National charter school alliance says Hawaii laws restrictive
Hawaii is among 13 states that place restrictive caps on charter school growth and should be disqualified from seeking federal Race to the Top education grants, according to a study released today by the National Alliance for Public Charter Schools.
The Alliance said that its rankings — released as states prepare to submit applications for the RTTT program — “provide clear indications of where some states excel and others come up short in charter-related policies.”
Hawaii was listed with Arkansas, Connecticut, Idaho, Iowa, Massachusetts, Missouri, New Hampshire, New York, North Carolina, Oklahoma and Rhode Island — as well as the 11 states that have yet to enact public charter school laws — as states that restrict charter school growth and should be disqualified from RTTT competition.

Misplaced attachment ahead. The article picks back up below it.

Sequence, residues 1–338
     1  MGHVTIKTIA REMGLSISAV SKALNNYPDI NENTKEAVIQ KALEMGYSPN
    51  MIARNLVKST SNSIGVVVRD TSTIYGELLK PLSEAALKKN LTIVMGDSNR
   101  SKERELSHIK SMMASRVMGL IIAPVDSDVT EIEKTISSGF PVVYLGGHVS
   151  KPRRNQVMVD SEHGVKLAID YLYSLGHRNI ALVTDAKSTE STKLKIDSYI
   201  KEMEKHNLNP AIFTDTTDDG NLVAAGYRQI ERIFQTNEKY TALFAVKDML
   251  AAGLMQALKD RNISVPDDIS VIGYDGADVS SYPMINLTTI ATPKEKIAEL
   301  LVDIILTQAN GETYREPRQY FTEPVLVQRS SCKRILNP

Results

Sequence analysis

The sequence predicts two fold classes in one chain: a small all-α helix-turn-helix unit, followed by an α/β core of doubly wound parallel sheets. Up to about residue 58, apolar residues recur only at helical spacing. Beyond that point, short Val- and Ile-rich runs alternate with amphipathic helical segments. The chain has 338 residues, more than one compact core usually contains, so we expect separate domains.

“No matter how strong its policies in other areas, a state that maintains a cap on charter schools — or passes no charter law at all — is a state that is missing a key building block for reform,” says the study’s lead author, Alliance Vice President for Policy Todd Ziebarth.
"When states combine equitable resources, real autonomy, and tough accountability, charter schools flourish and meet the high expectations of parents and policymakers," Alliance President and CEO Nelson Smith says. "These rankings not only show which states are making the grade, but also show how they do it: by paying attention to specific issues that are crucial to school and student success."
The study is posted on the Alliance’s Web site: www.publiccharters.org